A paper published today in Nature shows how chemicals in the areas surrounding tumors—known as the tumor microenvironment—subvert the immune system and enable cancer to evade attack. These findings suggest that an existing drug could boost cancer immunotherapy.
The study was conducted by a team of scientists at UPMC Hillman Cancer Center and the University of Pittsburgh School of Medicine, led by Greg Delgoffe, Ph.D., Pitt associate professor of immunology. By disrupting the effect of the tumor microenvironment on immune cells in mice, the researchers were able to shrink tumors, prolong survival and increase sensitivity to immunotherapy.
“The majority of people don’t respond to immunotherapy,” said Delgoffe. “The reason is that we don’t really understand how the immune system is regulated within this altered tumor microenvironment.”
The immune system is made up of many kinds of cells, chief among them T cells. One type, called killer T cells, fights off invaders, such as viruses, bacteria and even cancer. Another type, called regulatory T cells, or “T-reg cells” for short, counteracts killer T cells by acting as protectors of the cells that belong to the body. T-reg cells are important for preventing autoimmune diseases, such as type I diabetes, Crohn’s disease and multiple sclerosis, where overactive killer T cells assault the body’s healthy tissues.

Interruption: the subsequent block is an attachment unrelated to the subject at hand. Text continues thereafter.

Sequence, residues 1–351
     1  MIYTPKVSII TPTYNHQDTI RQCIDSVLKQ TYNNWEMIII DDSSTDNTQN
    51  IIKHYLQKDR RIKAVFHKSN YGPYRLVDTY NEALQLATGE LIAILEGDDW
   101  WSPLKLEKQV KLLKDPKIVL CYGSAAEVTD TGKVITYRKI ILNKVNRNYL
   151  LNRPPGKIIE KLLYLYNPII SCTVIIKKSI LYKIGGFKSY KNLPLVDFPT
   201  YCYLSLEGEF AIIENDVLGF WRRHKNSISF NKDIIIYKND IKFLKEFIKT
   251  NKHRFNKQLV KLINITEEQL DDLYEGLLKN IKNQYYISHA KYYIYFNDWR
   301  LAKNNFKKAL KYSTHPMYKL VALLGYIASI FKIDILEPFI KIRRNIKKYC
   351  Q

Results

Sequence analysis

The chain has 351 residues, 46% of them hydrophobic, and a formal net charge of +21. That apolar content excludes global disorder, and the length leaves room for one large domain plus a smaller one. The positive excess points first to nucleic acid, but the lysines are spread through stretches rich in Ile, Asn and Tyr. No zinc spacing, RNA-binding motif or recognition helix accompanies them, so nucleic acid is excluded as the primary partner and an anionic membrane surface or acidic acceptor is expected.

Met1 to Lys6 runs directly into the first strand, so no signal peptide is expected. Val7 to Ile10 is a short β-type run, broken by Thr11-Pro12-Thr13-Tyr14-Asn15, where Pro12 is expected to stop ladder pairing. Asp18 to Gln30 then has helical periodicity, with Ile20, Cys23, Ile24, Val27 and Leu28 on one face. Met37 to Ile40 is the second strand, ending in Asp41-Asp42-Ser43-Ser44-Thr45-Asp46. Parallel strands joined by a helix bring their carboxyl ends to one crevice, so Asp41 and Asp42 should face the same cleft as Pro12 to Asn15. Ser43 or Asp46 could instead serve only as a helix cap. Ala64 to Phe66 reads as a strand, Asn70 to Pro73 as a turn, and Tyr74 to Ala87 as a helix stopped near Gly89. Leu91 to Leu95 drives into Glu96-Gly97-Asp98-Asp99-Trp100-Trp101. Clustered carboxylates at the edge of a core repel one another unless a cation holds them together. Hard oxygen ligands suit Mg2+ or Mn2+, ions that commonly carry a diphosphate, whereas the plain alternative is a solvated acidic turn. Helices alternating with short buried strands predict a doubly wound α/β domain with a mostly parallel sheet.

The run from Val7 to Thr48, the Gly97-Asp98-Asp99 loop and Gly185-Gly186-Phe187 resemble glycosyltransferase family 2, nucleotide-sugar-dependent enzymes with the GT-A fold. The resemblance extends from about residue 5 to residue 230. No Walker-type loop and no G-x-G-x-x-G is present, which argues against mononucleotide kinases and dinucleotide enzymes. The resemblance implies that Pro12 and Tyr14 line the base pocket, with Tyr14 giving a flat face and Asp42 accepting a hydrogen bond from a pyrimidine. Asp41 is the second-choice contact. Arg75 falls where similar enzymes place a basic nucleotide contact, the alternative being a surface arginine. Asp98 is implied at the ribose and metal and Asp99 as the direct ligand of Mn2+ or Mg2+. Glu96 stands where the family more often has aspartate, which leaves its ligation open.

For all of these different immune cells to do their jobs, they need to produce energy. Delgoffe’s team studied how these different types of T cells have different appetites, and how tumors—which have large appetites—compete for nutrients with infiltrating immune cells. The researchers found that killer T cells and regulatory T cells have very different appetites, and cancer cells exploit this.
“Cancer is wise to the whole situation,” Delgoffe said. “Cancer cells don’t just starve T cells that would kill them but actually feed these regulatory T cells that would protect them.”
In short, Delgoffe’s team found that tumors gobble up all the vital nutrients in their vicinity that killer T cells would need to attack. Further, they also excrete lactic acid, which feeds the regulatory T cells, convincing them to stand guard. T-regs can turn the lactic acid into energy, using a protein called MCT1, so nuzzling up with the tumor is a good way for these immune cells to stay fed.
“What better way to recruit a cell than food?” Delgoffe said.
Then, using mice with melanoma, the researchers found that silencing the gene that codes for the MCT1 protein caused tumor growth to slow down. The mice also lived longer.
“We starved the T-regs,” said Delgoffe. “When T-reg cells are not being sustained by the tumor, killer T cells can come in and kill the cancer.”
Importantly, when Delgoffe’s team combined MCT1 inhibition with immunotherapy, the anti-cancer effects were stronger than either strategy alone.
Clinically, the same effect might be achievable using drugs that inhibit MCT1—one of which is currently being tested in people with advanced lymphoma, and it appears to be well-tolerated.